CHILDREN WILL eat absolutely anything, and if your toddler has ever taken a swig of furniture polish or a handful of Grandma's heart pills, you have experienced true panic. Even parents who believe themselves to be reasonably competent, calm and well prepared go to pieces when a child swallows an open safety pin or a hotel from the Monopoly set. Sometimes these accidents end in tragedy; often they do little harm. But in every case, expert help and specific instructions are needed immediately. That's when to call the National Capital Poison Center at Georgetown University Hospital. You'll be in good hands as soon as the first ring is answered.
The Poison Center, established at Georgetown Hospital at the request of the Metropolitan Council of Governments, is supported entirely by the hospital and by private donations. Registered nurses are at the phones 24 hours a day every day of the year and handle about 30,000 emergencies annually. With computerized data on 290,000 household products, drugs and plants, they will tell you in a matter of seconds exactly what to do. If your case is one of the majority that can be handled at home, the center will call you back within half an hour to be sure that you have understood and followed their directions, and they will check back the next day. About 15 percent of the cases will be sent to a hospital immediately, and in that event, the center calls ahead so that the emergency room is ready. All this is handled by the nurses in a manner that is not simply efficient, but kind and reassuring to the caller. That's just what is needed at a time of stress and confusion, especially if the patient is a small child.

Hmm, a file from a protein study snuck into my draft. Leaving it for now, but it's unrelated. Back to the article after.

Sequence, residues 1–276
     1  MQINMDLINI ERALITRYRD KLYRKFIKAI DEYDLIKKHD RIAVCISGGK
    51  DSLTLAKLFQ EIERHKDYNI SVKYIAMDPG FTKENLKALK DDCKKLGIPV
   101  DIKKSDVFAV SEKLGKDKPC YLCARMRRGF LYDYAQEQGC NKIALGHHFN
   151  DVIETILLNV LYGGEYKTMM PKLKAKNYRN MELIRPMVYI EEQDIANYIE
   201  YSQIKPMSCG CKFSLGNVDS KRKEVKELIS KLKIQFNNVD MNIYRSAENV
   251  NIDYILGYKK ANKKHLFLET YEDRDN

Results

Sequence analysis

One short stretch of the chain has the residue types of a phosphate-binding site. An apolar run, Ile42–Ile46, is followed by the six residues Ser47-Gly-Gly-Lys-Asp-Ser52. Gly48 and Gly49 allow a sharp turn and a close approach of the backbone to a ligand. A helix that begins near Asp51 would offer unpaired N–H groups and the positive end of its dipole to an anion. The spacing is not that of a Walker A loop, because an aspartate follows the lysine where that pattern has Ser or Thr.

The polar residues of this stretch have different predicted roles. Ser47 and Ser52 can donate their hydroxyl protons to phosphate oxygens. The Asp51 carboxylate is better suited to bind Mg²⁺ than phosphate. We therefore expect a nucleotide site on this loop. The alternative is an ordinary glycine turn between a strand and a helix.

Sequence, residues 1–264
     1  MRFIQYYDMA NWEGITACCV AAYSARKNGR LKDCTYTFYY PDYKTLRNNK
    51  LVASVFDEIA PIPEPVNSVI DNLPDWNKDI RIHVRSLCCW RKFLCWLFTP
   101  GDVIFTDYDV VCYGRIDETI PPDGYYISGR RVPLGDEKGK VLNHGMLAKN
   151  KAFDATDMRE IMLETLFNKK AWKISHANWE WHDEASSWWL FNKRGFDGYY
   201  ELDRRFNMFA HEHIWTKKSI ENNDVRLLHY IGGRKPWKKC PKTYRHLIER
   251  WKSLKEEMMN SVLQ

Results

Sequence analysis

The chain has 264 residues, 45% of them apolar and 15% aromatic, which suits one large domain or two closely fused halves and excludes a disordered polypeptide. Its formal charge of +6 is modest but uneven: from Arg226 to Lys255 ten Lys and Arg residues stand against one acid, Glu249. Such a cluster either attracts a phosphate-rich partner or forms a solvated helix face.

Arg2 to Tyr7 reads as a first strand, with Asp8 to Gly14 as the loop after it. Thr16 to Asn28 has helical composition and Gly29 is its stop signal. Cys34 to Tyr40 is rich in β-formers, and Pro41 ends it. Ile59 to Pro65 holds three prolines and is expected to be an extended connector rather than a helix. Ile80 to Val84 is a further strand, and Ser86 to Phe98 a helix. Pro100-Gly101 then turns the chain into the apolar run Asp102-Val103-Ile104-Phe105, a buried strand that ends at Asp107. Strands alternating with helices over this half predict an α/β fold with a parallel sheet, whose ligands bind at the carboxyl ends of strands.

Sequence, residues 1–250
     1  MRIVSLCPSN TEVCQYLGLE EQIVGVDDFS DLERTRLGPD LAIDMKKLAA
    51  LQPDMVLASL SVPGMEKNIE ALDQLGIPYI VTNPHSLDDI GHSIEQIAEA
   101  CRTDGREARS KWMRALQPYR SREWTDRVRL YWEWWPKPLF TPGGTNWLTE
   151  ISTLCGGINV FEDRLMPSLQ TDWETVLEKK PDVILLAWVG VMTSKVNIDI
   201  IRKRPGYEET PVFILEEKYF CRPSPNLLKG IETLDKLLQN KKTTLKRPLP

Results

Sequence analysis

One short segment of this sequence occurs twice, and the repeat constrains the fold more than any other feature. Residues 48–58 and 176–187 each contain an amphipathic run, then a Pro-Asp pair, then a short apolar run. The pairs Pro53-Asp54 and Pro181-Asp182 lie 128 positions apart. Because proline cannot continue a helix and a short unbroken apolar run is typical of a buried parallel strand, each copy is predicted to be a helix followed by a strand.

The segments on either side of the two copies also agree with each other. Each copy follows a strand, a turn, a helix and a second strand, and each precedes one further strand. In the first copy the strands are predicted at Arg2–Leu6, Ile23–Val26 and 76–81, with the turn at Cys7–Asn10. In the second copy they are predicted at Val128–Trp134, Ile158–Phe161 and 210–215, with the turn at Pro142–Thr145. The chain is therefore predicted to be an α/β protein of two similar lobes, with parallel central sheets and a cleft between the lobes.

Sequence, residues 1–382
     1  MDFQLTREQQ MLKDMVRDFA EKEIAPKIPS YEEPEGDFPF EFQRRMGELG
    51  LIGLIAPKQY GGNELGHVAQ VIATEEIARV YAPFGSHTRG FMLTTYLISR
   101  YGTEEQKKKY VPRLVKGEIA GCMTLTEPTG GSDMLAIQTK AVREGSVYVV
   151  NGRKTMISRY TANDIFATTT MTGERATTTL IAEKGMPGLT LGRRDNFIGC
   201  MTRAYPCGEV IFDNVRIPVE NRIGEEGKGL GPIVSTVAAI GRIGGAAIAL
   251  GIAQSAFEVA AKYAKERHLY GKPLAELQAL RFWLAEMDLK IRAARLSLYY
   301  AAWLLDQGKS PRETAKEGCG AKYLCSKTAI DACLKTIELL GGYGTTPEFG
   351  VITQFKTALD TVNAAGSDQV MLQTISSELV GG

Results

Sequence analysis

The center serves the entire metropolitan area-- they will even accept collect calls from Loudon and Prince William Counties--providing help when it's needed and peace of mind by being constantly available. We are blessed to have this fine free service in our community. The emergency number is 625-3333. Tape it to your kitchen telephone now.